Alberta moves to provincewide COVID-19 testing available to all — symptoms or not

Asymptomatic testing for the novel coronavirus will begin immediately for any Albertan who wants it, Alberta's Chief Medical Officer of Health Dr. Deena Hinshaw announced Friday.

Dr. Deena Hinshaw reports 24 new cases Friday, no new deaths

Dr. Deena Hinshaw addresses Albertans about the COVID-19 outbreak. (Art Raham/CBC)

Asymptomatic testing for the novel coronavirus will begin immediately for any Albertan who wants it, Alberta's Chief Medical Officer of Health Dr. Deena Hinshaw announced Friday.

The move is in preparation for Stage 2 of the province's relaunch, expected to take place in mid June, Hinshaw said at a news conference.

"Now is an opportune time to expand testing to get a full understanding of the presence of COVID-19 in our population," Hinshaw said.

"Expanded testing will ... help us understand where there might be undetected positive cases and therefore prevent further spread of the virus.

Albertans without symptoms of illness can arrange testing by going online, completing an assessment tool and booking an appointment, she said.

Anyone can be tested as often as they like, Hinshaw said.

"There's no restriction on the frequency with which people can access testing, so that is not something that would limit people's access," she said. "The recommendation would be that testing should never be used as a replacement for public health measures."

The date of Stage 2 will be discussed next week, Hinshaw said. 

"I said before given the low case numbers — really encouraging results from Stage 1 relaunch — that we are considering whether or not we can advance the date of Stage 2.

An increase in hospitalizations over the last few days is a concern, Hinshaw said. 

"Hospitalizations are a function not only of our total cases but also of who is exposed and is infected with the virus so those who are older, have medical conditions, are at higher risk of having more severe illness and needing hospital care.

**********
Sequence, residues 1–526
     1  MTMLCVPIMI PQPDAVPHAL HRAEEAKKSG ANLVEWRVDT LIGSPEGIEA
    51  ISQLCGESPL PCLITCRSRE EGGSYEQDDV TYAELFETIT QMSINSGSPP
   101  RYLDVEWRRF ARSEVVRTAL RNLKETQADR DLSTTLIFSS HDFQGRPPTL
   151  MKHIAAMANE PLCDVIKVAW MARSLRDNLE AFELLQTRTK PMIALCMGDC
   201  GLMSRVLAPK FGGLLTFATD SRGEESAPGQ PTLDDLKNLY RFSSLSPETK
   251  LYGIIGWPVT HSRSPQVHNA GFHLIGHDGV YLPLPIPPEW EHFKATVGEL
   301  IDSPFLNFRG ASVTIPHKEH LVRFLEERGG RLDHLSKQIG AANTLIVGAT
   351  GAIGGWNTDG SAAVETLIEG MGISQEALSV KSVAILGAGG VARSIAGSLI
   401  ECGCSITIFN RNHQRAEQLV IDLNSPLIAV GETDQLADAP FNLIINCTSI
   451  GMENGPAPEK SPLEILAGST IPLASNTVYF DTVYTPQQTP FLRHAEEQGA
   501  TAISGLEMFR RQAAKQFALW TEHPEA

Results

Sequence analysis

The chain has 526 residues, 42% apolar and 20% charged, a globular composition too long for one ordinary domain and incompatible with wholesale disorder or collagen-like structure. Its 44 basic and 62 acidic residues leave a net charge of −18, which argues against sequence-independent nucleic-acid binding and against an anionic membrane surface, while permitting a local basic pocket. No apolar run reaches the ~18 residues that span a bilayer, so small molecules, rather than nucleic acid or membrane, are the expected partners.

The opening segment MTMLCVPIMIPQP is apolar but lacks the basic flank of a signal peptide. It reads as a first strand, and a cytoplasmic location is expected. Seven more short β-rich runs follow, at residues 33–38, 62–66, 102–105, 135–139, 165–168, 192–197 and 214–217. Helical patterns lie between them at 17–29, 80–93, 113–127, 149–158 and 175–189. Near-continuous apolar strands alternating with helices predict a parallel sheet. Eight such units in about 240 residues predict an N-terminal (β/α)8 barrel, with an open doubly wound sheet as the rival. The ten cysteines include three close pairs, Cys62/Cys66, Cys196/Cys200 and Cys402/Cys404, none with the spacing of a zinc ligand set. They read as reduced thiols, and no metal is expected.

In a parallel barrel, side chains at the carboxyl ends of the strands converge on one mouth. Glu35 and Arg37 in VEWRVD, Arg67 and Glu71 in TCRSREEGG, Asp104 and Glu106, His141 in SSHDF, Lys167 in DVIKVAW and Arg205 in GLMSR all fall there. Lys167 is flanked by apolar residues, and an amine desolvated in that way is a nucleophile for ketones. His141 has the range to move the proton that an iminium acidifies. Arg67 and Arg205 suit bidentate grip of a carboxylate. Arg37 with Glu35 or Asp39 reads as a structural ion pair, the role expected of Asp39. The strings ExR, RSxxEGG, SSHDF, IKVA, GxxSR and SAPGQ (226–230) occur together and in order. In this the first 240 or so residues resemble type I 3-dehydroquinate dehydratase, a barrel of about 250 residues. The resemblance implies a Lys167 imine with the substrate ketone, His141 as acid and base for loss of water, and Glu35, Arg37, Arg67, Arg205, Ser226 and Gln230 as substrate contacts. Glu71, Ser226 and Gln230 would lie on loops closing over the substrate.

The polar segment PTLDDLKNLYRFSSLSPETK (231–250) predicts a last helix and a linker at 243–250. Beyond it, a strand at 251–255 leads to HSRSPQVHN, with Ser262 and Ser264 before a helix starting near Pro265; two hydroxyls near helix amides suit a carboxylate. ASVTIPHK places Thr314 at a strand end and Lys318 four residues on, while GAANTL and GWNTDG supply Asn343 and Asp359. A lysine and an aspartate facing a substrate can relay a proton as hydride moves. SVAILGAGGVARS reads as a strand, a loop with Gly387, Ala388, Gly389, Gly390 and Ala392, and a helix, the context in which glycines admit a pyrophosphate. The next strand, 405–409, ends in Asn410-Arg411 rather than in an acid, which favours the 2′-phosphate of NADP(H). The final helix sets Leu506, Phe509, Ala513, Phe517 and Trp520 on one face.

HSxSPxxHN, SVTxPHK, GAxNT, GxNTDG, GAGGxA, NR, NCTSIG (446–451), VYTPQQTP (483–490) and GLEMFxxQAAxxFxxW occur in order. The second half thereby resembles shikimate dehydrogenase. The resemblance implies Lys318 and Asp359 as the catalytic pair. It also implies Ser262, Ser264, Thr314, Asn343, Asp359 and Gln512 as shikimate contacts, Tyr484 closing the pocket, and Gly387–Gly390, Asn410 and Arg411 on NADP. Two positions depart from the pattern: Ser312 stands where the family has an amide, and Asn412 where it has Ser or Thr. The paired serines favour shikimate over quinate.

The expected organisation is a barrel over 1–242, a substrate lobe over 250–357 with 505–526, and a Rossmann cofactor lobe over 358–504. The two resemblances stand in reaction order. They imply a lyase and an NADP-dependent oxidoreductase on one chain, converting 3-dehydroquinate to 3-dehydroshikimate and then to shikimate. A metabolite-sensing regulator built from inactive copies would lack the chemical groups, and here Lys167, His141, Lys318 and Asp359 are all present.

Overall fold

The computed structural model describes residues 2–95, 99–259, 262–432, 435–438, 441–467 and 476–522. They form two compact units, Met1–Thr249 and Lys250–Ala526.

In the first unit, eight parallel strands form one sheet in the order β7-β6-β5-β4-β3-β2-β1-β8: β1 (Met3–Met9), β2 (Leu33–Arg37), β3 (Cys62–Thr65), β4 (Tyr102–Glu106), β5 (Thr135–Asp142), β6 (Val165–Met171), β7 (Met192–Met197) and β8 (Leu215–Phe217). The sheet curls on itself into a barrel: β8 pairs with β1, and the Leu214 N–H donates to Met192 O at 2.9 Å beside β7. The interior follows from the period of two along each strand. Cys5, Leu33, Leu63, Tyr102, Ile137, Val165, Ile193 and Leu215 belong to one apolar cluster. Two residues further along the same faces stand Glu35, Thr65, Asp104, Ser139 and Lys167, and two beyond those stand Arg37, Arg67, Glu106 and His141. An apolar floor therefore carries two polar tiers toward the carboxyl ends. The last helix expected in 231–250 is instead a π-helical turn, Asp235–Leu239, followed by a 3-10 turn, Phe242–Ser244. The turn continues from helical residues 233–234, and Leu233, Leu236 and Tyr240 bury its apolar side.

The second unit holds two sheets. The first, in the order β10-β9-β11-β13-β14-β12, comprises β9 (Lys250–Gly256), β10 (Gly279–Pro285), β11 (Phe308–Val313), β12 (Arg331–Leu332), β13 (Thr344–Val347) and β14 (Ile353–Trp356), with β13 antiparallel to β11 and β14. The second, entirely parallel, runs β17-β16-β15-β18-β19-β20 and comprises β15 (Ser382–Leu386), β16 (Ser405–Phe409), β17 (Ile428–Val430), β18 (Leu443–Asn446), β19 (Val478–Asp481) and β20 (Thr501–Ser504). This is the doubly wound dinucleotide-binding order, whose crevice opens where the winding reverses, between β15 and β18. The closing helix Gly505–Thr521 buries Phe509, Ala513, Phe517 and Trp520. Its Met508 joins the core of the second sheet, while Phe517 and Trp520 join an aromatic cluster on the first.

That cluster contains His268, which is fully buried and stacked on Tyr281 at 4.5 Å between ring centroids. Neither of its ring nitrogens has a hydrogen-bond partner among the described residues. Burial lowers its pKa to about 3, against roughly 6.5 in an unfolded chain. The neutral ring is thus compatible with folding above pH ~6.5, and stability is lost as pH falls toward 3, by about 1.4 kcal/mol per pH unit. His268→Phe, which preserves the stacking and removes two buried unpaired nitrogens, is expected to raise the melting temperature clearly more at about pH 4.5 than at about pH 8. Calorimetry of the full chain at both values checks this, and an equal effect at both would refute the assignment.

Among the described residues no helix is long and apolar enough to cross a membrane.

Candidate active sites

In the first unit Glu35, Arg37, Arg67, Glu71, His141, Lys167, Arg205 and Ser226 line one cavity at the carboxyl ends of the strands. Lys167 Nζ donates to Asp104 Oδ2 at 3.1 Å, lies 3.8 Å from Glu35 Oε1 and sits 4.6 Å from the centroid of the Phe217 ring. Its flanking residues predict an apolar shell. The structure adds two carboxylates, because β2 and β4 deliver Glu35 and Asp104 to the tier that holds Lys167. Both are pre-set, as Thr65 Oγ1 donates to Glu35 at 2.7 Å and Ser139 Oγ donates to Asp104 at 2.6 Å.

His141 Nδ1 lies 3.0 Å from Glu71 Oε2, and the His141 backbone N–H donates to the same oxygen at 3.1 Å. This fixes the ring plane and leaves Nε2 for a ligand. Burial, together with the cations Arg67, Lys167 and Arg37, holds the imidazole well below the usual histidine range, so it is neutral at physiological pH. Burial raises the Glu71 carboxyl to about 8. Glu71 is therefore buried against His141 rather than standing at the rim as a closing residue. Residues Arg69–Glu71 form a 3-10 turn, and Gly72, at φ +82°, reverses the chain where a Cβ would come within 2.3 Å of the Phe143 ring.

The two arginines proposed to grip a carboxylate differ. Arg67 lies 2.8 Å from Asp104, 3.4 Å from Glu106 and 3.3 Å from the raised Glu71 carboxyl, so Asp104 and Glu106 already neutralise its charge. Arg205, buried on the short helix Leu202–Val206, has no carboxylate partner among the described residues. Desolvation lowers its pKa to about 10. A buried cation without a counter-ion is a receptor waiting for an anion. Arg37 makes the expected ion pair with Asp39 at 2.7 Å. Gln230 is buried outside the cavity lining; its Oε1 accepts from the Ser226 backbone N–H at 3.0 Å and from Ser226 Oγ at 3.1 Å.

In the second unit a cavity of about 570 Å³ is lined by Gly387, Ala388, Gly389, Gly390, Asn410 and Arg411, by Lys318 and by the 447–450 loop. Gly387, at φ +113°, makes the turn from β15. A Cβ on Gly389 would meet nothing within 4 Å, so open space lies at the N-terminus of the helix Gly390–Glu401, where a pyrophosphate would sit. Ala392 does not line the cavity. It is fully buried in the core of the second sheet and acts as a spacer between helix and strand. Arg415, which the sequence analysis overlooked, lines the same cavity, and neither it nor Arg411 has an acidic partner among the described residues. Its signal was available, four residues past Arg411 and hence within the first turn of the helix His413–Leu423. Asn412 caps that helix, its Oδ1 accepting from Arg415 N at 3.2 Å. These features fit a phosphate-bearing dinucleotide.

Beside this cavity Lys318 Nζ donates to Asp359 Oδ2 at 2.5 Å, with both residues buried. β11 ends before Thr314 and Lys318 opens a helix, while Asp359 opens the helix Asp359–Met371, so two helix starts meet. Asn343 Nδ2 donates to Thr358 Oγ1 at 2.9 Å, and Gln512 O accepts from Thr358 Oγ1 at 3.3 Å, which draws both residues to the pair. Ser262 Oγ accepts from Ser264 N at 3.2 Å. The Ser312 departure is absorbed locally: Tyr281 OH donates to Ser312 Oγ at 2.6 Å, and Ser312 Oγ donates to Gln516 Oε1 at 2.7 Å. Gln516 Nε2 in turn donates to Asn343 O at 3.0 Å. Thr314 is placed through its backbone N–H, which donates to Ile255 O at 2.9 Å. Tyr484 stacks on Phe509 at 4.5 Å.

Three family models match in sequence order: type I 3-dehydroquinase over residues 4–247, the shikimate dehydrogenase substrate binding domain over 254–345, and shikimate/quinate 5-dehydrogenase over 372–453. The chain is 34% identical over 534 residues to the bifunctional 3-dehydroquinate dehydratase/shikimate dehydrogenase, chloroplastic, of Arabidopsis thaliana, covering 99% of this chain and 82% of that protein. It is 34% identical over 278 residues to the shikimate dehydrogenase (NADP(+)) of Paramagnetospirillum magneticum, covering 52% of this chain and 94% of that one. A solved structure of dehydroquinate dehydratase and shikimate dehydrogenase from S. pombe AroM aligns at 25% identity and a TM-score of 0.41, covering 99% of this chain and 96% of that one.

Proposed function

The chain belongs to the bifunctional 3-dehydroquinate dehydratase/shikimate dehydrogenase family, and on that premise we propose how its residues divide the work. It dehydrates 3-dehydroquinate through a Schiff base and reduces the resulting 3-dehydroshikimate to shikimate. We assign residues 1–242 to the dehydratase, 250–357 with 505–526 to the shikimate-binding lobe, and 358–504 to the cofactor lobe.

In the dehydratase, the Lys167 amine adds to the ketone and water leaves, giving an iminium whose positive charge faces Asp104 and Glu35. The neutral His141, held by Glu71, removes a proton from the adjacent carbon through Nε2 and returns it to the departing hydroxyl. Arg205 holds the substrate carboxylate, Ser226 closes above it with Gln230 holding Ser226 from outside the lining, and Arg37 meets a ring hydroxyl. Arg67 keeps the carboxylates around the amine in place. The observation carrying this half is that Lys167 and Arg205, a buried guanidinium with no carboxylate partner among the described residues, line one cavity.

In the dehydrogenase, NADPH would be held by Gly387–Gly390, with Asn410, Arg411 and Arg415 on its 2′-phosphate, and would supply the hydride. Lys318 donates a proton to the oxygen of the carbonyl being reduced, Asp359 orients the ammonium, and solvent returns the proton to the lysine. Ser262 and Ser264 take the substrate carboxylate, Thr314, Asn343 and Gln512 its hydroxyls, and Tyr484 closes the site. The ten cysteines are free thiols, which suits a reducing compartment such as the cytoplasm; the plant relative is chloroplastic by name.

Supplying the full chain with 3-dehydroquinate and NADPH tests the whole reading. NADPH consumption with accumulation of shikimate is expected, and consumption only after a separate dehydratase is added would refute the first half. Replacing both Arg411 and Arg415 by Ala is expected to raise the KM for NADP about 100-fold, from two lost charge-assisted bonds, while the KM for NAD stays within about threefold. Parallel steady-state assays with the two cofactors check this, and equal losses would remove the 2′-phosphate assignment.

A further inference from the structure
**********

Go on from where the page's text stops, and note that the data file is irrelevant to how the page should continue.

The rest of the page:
"It's something we're watching very closely, but at this point, we haven't seen an uptick in our total number of cases.

"We'll continue to watch both total cases and hospitalizations very closely, but at this point, I don't anticipate what's happened these last few days would change our discussions regarding relaunch."

Latest numbers

Alberta reported no new deaths from COVID-19 Friday, and 24 new cases of the respiratory disease.

There are 616 active cases in province, with 55 people in hospital, four of them in intensive care.

The provincial COVID-19 death toll remains at 143, while 6,220 people have recovered.

Hinshaw also announced the final part of Stage 1 of the relaunch will begin Monday in Calgary and Brooks, two cities hit hard by the virus.

"Albertans in these two cities have been patient as we took a measured, phased approach to their relaunch," Hinshaw said. 

"I would like to congratulate residents in these cities on the downward trends in their numbers, which has not been seen in most places around the world where relaunch has happened."

The majority of active cases of COVID-19 continue to be located in the Calgary zone. Here's a regional breakdown of cases:

  • Calgary zone: 483 active cases, 4,263 recovered
  • Edmonton zone: 55 active cases, 463 recovered  
  • South zone: 49 active cases, 1,177 recovered  
  • North zone: 25 active cases, 201 recovered
  • Central zone: 2 active cases, 96 recovered
  • Unknown: 2 active cases, 20 recovered

Day camps and summer schools in Calgary and Brooks will be able to open Monday with occupancy limits, while places of worship may resume in-person services for up to 50 people, with precautions to limit the potential spread of infection. 

Premier Jason Kenney announced this week the province's state of public health emergency, in place since March 17, will be allowed to lapse on June 15.

Declaring the emergency gave the provincial cabinet many new powers, including the ability to limit the size of public gatherings and require people to self-isolate.

"We don't need the declaration of a public health emergency to protect people from COVID," Hinshaw said. "We will still be able to ... respond to COVID-19 and protect Albertans. The emergency really is a measure that allows a significant and rapid response, but if that measure is ended ... we do have other tools we can use."

The next update with Hinshaw is scheduled for Monday, June 1. 


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